The Hangzhou-based company, which sells equipment used to solve complex puzzles to uncover, or mine cryptocurrency, has had several recent false starts.
By Sharon Lam, Reuters News HONG KONG – It promises all the highs and lows of a real gold rush. Canaan, a Chinese company and the world’s second biggest maker of hardware used to mine bitcoin, has filed for an initial public offering in New York.
It’s looking to raise $400 million, according to Reuters, after aborting two attempts to list elsewhere. But its financials and prospects look as volatile as the cryptocurrency itself.
The Hangzhou-based company, which sells equipment used to solve complex puzzles to uncover, or mine cryptocurrency, has had several recent false starts. It tried and failed to list in China through a reverse merger and allowed its application to debut in Hong Kong to lapse. In an effort to pay down debt and fund research, Canaan is now trying its luck stateside with Nasdaq even as the bourse tightens restrictions on the IPOs of small Chinese companies.
It’s a wild ride. Net revenue of 959 million yuan ($137 million) in the nine months to end September was less than half of the level it was at the same time a year earlier. Similarly, the bottom line, total comprehensive income, swung from a profit to a loss of 223 million yuan over the same period. That’s largely to do with volatility in bitcoin itself, whose price has swung to as high as nearly $20,000 and now trades below $8,800. That meant Canaan had to sell its mining hardware at a loss.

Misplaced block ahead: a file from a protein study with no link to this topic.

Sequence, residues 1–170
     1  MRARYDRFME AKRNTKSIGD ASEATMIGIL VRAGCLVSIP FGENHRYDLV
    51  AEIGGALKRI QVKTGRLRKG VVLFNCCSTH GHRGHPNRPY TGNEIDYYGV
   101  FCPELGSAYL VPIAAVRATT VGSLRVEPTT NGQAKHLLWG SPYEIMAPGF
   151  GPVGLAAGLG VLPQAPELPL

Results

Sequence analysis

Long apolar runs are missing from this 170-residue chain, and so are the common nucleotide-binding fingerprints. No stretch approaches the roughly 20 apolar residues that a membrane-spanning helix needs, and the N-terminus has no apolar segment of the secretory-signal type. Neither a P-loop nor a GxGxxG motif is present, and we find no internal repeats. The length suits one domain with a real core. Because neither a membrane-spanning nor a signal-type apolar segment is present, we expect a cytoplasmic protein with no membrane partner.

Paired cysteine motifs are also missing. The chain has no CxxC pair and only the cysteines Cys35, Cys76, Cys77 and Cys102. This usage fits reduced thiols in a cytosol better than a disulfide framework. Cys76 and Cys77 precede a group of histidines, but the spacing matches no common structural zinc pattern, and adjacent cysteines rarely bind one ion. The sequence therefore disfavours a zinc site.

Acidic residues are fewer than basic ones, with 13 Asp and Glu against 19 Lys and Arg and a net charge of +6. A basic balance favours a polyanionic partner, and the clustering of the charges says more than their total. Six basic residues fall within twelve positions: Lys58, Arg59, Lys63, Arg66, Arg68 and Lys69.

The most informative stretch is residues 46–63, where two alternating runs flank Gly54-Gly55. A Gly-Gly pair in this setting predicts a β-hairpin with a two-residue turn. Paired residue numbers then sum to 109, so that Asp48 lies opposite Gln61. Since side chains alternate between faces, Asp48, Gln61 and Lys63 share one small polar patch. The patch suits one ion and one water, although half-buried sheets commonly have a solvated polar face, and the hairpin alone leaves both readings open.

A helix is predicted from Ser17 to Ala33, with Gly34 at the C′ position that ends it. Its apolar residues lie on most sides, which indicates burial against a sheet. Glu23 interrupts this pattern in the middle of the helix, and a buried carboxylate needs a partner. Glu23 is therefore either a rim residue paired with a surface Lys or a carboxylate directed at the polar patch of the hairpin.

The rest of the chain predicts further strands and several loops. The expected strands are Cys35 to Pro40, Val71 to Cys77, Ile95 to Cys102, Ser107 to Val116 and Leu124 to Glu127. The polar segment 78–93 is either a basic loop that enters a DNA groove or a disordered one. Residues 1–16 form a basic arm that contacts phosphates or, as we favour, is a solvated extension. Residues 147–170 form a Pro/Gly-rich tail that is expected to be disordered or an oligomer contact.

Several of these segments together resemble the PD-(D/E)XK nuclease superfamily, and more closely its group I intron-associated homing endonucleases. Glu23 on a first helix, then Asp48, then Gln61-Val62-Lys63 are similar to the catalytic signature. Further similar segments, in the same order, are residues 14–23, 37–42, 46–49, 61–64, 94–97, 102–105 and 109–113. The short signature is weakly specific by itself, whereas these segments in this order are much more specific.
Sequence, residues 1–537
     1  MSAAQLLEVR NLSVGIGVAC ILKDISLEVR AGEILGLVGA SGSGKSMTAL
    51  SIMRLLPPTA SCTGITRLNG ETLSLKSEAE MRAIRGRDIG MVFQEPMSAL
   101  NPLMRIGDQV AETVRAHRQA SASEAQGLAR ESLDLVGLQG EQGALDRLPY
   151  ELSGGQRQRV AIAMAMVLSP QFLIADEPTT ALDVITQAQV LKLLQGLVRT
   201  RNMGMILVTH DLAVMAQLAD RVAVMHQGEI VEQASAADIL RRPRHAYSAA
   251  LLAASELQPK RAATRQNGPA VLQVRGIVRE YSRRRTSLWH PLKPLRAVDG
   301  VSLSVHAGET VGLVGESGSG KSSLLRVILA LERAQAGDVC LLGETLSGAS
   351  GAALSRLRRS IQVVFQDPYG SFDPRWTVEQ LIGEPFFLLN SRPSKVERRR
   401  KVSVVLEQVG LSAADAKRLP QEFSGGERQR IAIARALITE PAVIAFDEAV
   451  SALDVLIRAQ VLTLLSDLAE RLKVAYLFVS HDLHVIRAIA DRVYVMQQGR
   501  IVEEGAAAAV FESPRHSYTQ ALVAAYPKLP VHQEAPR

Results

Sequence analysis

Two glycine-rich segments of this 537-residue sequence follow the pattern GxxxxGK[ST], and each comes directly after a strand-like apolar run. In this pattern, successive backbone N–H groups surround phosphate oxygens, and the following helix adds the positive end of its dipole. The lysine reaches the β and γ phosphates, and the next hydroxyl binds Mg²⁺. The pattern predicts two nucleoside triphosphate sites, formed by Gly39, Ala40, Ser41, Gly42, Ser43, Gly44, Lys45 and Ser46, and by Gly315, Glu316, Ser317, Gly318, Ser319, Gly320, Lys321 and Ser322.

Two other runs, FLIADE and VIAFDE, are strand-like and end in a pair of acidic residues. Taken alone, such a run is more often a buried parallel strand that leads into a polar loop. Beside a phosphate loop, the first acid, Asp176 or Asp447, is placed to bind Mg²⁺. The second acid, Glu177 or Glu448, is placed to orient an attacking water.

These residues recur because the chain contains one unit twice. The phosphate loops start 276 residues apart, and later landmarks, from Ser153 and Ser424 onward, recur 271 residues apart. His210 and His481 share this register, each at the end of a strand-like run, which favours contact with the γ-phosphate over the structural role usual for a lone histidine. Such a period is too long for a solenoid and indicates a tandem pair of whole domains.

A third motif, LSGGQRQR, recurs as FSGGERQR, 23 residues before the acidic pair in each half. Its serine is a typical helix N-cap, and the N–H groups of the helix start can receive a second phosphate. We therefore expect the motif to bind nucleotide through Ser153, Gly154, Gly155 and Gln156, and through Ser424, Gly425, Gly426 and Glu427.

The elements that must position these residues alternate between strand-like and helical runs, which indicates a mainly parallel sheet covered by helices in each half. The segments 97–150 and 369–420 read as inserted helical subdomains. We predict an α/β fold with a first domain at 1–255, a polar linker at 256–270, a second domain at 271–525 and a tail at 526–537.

A price rebound would lift demand. A jump in prepayments to Taiwan’s TSMC, which makes chips for Canaan, also suggests the company is predicting a strong recovery in the second half, analyst Arun George of Global Equity Research reckons. Even so, there is substantial regulatory risk: Beijing cracked down on local cryptocurrency exchanges in 2017 and the state planner’s position on this niche activity remains uncertain. Any future restrictions would be a blow for Canaan, which derives almost 80% of its revenue in China, unless it can find new buyers elsewhere.
It all gives the IPO a whiff of desperation: Bitmain is in a similar position and has also now filed for a U.S. IPO, according to Refinitiv’s IFR. The latter has already, wisely, tempered its expectations, having earlier targeted a much larger mooted offer. The prospect of striking rich look fraught but mining was always about blood, sweat and tears.